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Valhalore Review – Melbourne

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In support of their newly released album Voyage into Eternity,  Queensland’s Valhalore have embarked on a six date east coast tour, and April 15 sees the tour roll into Melbourne.  The venue is a last minute relocation after the sudden closure of the originally booked  Mr BoogieMan Bar, but it’s a terrific substitute. The Central Club has been a mainstay of Melbourne’s live scene for many years, and with the decision on the night to close the front  bar to the public and open it up as an extension of the band room the place has a great feel.

First up is Triple Kill, proudly announcing at one point that this is gig number five in the band’s career.  Raw and full of enthusiasm they launch into a set that has a distinctly old school metal feel to it.  It’s new, but somehow has a touch of familiarity about it all.  Second last track of the set Blades is just a killer track, start to finish. And ending the set with a cover of Maiden’s Hallowed Be Thy Name seems like setting themselves up for a fall, yet they pull it off in fine style.  There’s a few rough edges to be sure, but it’s a great way to kick off the evening.

Next up is Keggin, and it’s a total change of direction for the night.  A straight up power trio that seems to have timewarped directly from a seventies punk gig.  That less-political, less hatefilled punk world that the Ramones created, that is.  There’s a lot of tracks here coming in under two minutes, and not a guitar solo in sight.  There’s a theme running through this band like a well poured beer – alcohol.   The good (Jack Daniels), the bad (Smirnoff), and the … um, thirsty (the band).  Seriously, a brewer needs to sign these guys and pump out some ads as quick as possible.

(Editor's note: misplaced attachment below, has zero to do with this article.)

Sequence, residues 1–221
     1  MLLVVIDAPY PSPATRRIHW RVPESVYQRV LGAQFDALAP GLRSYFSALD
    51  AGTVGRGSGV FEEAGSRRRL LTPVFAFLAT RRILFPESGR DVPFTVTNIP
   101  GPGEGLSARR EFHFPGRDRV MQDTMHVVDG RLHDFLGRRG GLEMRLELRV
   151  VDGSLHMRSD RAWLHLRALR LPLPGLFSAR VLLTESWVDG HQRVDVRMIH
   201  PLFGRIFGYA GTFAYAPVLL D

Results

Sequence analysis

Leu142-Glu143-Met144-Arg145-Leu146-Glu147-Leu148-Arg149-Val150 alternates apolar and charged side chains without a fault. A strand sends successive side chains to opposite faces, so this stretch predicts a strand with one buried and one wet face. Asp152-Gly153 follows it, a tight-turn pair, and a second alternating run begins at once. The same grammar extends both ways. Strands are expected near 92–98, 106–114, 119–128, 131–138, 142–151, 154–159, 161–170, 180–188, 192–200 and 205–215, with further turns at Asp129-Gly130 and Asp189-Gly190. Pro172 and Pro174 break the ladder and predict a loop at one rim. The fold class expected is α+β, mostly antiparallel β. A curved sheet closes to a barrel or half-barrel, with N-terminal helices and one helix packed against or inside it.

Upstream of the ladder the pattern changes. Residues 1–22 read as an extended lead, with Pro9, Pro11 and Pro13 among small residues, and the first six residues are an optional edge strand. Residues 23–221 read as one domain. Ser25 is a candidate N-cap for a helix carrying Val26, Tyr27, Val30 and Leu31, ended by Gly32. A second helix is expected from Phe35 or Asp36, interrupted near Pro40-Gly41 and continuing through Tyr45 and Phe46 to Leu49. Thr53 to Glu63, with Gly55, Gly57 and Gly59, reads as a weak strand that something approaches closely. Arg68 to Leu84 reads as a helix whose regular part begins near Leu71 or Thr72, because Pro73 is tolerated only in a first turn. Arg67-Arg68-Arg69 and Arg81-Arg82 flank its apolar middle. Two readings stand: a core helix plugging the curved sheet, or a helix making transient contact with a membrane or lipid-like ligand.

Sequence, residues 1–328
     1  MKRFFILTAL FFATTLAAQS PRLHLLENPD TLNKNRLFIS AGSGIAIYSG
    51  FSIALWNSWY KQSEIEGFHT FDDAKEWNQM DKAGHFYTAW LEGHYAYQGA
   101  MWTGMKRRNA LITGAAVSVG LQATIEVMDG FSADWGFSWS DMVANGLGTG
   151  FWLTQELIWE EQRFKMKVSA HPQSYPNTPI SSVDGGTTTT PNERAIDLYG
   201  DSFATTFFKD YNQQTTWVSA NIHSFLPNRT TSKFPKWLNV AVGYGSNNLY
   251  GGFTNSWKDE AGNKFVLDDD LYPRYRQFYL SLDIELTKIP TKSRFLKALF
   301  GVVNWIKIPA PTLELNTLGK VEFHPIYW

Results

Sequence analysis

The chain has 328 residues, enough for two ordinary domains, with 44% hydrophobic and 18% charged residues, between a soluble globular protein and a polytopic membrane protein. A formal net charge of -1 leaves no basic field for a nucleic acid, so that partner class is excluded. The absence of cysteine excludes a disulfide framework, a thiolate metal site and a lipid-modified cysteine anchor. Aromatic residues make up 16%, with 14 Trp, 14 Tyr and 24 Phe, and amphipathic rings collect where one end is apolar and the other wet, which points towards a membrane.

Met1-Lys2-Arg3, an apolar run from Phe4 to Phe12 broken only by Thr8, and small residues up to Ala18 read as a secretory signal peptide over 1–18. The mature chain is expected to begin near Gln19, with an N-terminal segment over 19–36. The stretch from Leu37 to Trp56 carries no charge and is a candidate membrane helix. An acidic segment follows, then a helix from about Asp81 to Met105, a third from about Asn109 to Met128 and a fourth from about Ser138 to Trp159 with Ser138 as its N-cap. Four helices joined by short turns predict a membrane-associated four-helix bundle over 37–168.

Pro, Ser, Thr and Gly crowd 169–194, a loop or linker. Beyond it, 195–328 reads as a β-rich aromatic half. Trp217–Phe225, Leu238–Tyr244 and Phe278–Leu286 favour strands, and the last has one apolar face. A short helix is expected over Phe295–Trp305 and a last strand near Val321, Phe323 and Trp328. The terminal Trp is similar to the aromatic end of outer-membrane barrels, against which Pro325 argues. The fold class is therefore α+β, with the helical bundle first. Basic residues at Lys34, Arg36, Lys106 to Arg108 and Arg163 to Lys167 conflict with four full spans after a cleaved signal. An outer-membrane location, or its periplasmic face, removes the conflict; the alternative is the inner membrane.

If Keggin were a change of direction from  Triple Kill, then the next band up is a trip into a new dimension.  Hailing from the ACT, Beast Impalor are make their Melbourne debut, and doing it like no other.  A wackier, less demonic Cradle of Filth?  A busload of metalheads kidnapped by a crazed circus ringmaster?  A children’s party clown on a turbo charged bulldozer ploughing through a field of kittens, set to the sound of a carnival organ?   Equal parts madness and genius, like Donald Trump playing Grand Theft Auto with the Riddler from Batman.  Or something.  It’s audio Clockwork Orange, just like Alex there’s the burning need to scream but no way to look away.  The set is all done with no drummer (they are still looking), and it’s freaking great.

Valhalore waste no time in taking the stage next and continuing the long and proud heritage of Australian Vikings!  Rathnar Lothbrok is a Victorian farmboy, and the home of Australia’s Viking metal is Queensland – sure, why not.  From the moment they take to the stage, ushered on by backing tracks and a haunting tin pipe solo from Sophie Christensen, the epicness abounds and the longboats have arrived.  The set is drawn mostly from the new album, and the tracks crash against each other like axes hacking at the enemy shields.  Vocalist Lachlan Neale is in fine form, striding the stage and delivering vocals in both clean and growled styles effortlessly; all the while commanding the crowd.  The audience have been ready and waiting, and now willingly join in.  A shield wall charge, left stage versus right stage.  A circle pit.  An all-in spinning circle linked arm in arm.  It’s great to hear, great to watch, great to feel.  The sound is terrific (has been for all the bands throughout the night) and the band are playing their hearts out.  Guitarist Anthony Willis is stunning in various showpiece moments, fingers flying across the fretboard.  The entire set is world class, and over way too soon.

The final act of the night is Aquilus, and they’ve been handed the poison chalice really.  After so much energy and vibe through the night, their style of considered musical intensity is always going to struggle to keep things going.  An extended setup/sound check doesn’t help things either.   Whereas the crowd has readily embraced the earlier acts, by now the thinning crowd seems content to sit back and watch.  There’s nothing wrong with the performance, the music is complex  and brooding and delivered so well – but it’s like there’s a glass wall between band and the audience now; the band in a fishbowl to be observed more than experienced.

Overall, it’s an amazing night.  Promoter JaxOzPresents has done a great job pulling together a diverse line up of bands that somehow compliment and build the night.  And Valhalore have delivered a performance that tops of a night that shows just how diverse and enjoyable  Australian metal  can be in a local venue setting.  There need to be more nights this good…

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